*&^%$#@!!! picked rocks.
Few things are more discouraging to a curler than watching a rock pick up a piece of debris and veer wildly off line or grind to a stop. It’s especially disheartening when it results in a missed shot at a critical moment of the game. If it’s your team’s rock, it feels unfair — particularly if it looked as though the shot would be made. If it’s your opponent’s rock and you’re a curler who understands the true spirit of the game, it’s disappointing to know that your success was not entirely the result of your own performance.
There is no way that picks will be completely eliminated. Some are called flat spot picks — they occur when a patch of ice loses its pebble and causes rocks to react differently. Flat spots tend to appear as a game wears on and while they can’t be avoided completely, we can reduce their frequency by taking care to keep our knees and hands off the ice as much as possible. I know that I’m guilty of putting a knee down after I throw sometimes — usually because my knee is screaming — but I try to pick it up as quickly as possible.
At our club, I expect that most picks are caused by debris. Our ice crew does an incredible job making very playable ice in a building that has a truly unique set of challenges. That’s why I think it’s incumbent upon us to make every effort to keep the surface as clean as possible.
First, consider your brush head. When we were putting the ice in at the start of the year, my lowly rank meant that I spent time cleaning brush heads. Not only were the club brooms very dirty but I noticed that many member brushes looked as though they needed some attention. When the fabric head brushes were first introduced, many of us thought that it would be the end of picks — no more horse or hog hair to get between the running surface of the stone and the ice. But fabric brushes demand even greater attention than hair brushes because they accumulate more debris. You should clean yours just about every time you use it to sweep a rock. Rubbing it with your hand certainly works but the best way to clean it is with a nail brush — the club does provide some at the ends of each sheet. (I like to move them to the side benches during a game.) What’s more convenient is to keep a small brush of your own in your pocket. That way you can take it out as you’re walking back down the sheet and clean your brush while the other team throws its next stone. It only takes a few seconds but it will make a world of difference and also extend the life of your fabric head.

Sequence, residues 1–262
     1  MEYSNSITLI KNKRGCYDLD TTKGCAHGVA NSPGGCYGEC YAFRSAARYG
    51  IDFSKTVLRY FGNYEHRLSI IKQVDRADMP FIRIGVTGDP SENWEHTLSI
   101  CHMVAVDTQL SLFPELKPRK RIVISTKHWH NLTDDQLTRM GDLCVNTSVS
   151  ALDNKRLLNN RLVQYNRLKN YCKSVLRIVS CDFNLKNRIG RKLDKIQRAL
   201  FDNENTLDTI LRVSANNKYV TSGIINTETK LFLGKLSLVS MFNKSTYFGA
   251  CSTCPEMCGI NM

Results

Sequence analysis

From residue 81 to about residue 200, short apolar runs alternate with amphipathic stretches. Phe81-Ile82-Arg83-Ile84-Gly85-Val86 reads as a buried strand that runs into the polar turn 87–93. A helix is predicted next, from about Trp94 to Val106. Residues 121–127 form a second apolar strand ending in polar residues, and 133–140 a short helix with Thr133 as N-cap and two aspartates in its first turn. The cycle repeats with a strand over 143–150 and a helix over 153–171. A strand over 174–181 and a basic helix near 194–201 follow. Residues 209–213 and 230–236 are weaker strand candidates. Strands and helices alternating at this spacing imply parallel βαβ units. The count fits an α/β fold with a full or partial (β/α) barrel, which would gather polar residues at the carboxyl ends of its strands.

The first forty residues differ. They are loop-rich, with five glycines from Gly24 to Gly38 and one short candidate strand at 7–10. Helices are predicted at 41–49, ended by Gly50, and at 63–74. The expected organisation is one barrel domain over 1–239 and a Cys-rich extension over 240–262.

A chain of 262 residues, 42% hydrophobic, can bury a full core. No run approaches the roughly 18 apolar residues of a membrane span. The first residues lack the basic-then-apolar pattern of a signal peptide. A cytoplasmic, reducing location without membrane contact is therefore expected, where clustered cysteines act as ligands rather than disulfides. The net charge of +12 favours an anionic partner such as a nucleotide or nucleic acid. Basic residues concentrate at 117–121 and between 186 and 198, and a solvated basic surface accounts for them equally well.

Second, think about your shoes. Most of us wear a gripper over our slider when we sweep. That gripper protects the slider when you’re off the ice surface but it — and your gripper shoe — are also picking up debris as you walk around the warm room, go behind the bar to get a beer, stop in the bathroom, head down to the basement or hunt for paper towels in the kitchen. Yes, you can clean your shoes on the board by the door to the ice shed. But it makes more sense to keep the bottoms of your shoes protected whenever you’re off the ice. I wear two of my old grippers — grippers do wear out and should be replaced — when I’m in the warm room, taking them off when I get into the ice shed and putting on a gripper I use only on the ice. Hospital shoe covers work well off the ice, too. Sure, there are going to be times when we’re all going to rush from the ice to the warm room without bothering to cover our shoes — the Smutty Nose is back on the tap! — but it’s pretty simple to them covered most of the time.
Reducing picks is like just about everything at a curling club — a group effort that requires everyone to pitch in. Let’s all try to do what we can to help out.
— Dean Gemmell